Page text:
A thesis statement presents the position that you intend to argue within your paper, whereas a research question indicates your direction of inquiry in your research. In general, thesis statements are provided in course-level papers, whereas research questions are used in major research papers or theses.
The statement or question is a key piece of information within your writing because it describes the parameters of your study.
Your statement should:
- Be specific
- Be appropriate to the type of paper you're writing
- Appear within the first section of your text so that it is immediately clear to your reader what the paper is about
For example: "Royal Roads University is unique amongst post-secondary institutions on Vancouver Island because of its history, wildlife, Hatley Castle, and educational programs".
The advantage of a clear thesis statement is that it will also help you to stay on track. At any time during your writing process, you should be able to make a direct connection between what you're writing and your thesis statement. If that connection isn't clear, you may need to either adjust your writing, or revisit your thesis statement. Thesis statements can change during the evolution of a paper; however, make sure you re-examine your outline before you divert too far from your original plan.
Please see the resources below for more information on writing thesis statements:
A research question should:
- Be clear and specific
- State the focus of investigation in the research
- Not be answerable with a yes/no response
For example: How is Royal Roads University different from other post-secondary institutions on Vancouver Island?
Please see the resources below for more information on writing research questions:
To search for additional information, please visit WriteAnswers and search the FAQs. If you're a RRU student, you can also use the WriteAnswers contact form to send your questions directly to the Writing Centre. We'll send you a private reply as soon as we can, which is typically within one business day of receiving the message.
Formulating the Research Question1
In the previous section we talked about ways to define your topic, but there is a difference between a topic and a question. You may have found your topic, but within that topic you must find a question, which identifies what you hope to learn. Finding a question sounds serendipitous, but research questions need to be shaped and crafted. This section examines the factors that go into creating a good research question, dividing this X factor into six categories.
Watch video on formulating a good research question (.wmv)
This video clip contains comments from the following academics:
- Malcolm Todd
- Shawna McCoy
- Christopher Crowther-Dowey
- Iain Garner
- Kevin Bonnett
Download Case Study 4 - Formulating the research question: youth justice policy and intervention
What is a good research question?
It is important to start your thinking about the dissertation with a question rather than simply a topic heading. The question sets out what you hope to learn about the topic. This question, together with your approach, will guide and structure the choice of data to be collected and analysed.
Some research questions focus your attention onto the relationship of particular theories and concepts: 'how does gender relate to career choices of members of different religions?' Some research questions aim to open an area to let possible new theories emerge: 'what is going on here?' is the most basic research question in exploratory research. For an undergraduate dissertation, your question needs to be more targeted than either of these.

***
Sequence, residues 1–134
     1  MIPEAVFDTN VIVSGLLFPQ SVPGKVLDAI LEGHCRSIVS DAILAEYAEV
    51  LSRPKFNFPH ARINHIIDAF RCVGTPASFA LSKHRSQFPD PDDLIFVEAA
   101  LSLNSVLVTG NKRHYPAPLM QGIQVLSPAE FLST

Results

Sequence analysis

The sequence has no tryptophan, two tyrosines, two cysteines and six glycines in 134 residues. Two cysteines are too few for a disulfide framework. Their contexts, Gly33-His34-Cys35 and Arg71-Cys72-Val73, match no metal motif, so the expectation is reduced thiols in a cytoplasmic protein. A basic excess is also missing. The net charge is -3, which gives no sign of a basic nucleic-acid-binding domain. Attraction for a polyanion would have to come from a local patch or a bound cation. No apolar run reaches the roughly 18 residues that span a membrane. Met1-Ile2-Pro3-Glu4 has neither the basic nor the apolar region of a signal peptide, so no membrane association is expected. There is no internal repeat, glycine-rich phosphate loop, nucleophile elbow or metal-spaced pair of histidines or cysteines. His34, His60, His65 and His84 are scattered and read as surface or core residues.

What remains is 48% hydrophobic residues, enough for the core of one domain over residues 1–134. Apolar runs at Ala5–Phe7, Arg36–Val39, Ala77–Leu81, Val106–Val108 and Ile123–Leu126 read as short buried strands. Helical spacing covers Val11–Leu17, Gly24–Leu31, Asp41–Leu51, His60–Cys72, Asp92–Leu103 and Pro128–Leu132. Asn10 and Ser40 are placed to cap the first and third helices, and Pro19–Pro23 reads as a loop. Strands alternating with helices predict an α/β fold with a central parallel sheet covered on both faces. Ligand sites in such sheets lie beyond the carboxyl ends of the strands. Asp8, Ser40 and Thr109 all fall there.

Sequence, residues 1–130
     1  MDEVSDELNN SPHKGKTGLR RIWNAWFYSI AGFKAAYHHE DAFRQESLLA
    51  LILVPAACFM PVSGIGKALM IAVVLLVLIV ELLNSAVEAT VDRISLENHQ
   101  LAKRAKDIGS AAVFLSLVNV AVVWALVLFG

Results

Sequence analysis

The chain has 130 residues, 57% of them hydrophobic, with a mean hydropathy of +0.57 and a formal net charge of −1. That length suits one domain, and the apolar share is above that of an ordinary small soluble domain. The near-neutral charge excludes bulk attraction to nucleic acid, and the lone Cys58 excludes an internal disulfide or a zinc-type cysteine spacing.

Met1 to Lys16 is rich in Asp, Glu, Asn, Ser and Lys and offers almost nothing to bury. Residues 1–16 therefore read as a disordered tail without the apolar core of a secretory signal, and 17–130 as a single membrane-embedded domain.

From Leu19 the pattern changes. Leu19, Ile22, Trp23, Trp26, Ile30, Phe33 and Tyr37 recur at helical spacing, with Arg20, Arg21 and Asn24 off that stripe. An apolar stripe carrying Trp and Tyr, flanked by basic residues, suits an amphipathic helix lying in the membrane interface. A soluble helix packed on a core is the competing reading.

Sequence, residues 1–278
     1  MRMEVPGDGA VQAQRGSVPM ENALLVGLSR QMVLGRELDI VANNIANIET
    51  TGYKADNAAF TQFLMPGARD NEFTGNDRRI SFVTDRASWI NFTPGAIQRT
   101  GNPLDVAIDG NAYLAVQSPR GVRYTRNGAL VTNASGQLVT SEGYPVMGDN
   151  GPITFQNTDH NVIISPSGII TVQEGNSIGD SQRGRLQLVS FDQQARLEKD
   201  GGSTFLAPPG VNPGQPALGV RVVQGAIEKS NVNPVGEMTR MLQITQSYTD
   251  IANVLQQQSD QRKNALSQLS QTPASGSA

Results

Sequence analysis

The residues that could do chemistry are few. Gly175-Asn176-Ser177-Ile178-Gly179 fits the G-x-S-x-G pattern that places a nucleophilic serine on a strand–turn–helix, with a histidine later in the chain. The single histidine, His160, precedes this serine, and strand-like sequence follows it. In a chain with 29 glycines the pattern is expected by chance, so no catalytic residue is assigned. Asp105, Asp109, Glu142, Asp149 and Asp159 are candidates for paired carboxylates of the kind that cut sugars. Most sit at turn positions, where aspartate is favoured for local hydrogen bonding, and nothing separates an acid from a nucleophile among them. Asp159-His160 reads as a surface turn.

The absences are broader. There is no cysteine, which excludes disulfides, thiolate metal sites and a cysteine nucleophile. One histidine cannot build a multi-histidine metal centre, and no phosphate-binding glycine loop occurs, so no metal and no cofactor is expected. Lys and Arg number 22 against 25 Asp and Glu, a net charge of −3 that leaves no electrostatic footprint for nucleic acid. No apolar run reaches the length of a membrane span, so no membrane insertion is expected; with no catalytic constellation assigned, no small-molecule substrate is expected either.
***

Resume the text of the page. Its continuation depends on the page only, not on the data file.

Creating a research question is a task. Good research questions are formed and worked on, and are rarely simply found. You start with what interests you, and you refine it until it is workable.
There is no recipe for the perfect research question, but there are bad research questions. The following guidelines highlight some of the features of good questions.
- Manageable in terms of research and in terms of your own academic abilities.
- Substantial and with original dimensions.
- Consistent with the requirements of the assessment.
- Clear and simple.
The question will be of academic and intellectual interest to people in the field you have chosen to study. The question arises from issues raised in the literature or in practice.
You should be able to establish a clear purpose for your research in relation to the chosen field. For example, are you filling a gap in knowledge, analysing academic assumptions or professional practice, monitoring a development in practice, comparing different approaches or testing theories within a specific population?
You need to be realistic about the scope and scale of the project. The question you ask must be within your ability to tackle. For example, are you able to access people, statistics, or documents from which to collect the data you need to address the question fully? Are you able to relate the concepts of your research question to the observations, phenomena, indicators or variables you can access? Can this data be accessed within the limited time and resources you have available to you?
Sometimes a research question appears feasible, but when you start your fieldwork or library study, it proves otherwise. In this situation, it is important to write up the problems honestly and to reflect on what has been learnt. It may be possible, with your supervisor, to develop a contingency plan to anticipate possible problems of access.
Substantial and (within reason) original
The question should not simply copy questions asked in other final year modules, or modules previously undertaken. It shows your own imagination and your ability to construct and develop research issues. And it needs to give sufficient scope to develop into a dissertation.
Consistent with the requirements of the assessment
The question must allow you the scope to satisfy the learning outcomes of the course.
For example, you can choose to conduct a theoretical study, one that does not contain analysis of empirical data. In this case, it will be necessary for you to think carefully before making such a choice. You would be required to give an account of your methodology, to explain why theoretical analysis was the most appropriate way of addressing the question and how you have gone about using theoretical models to produce new insights about the subject.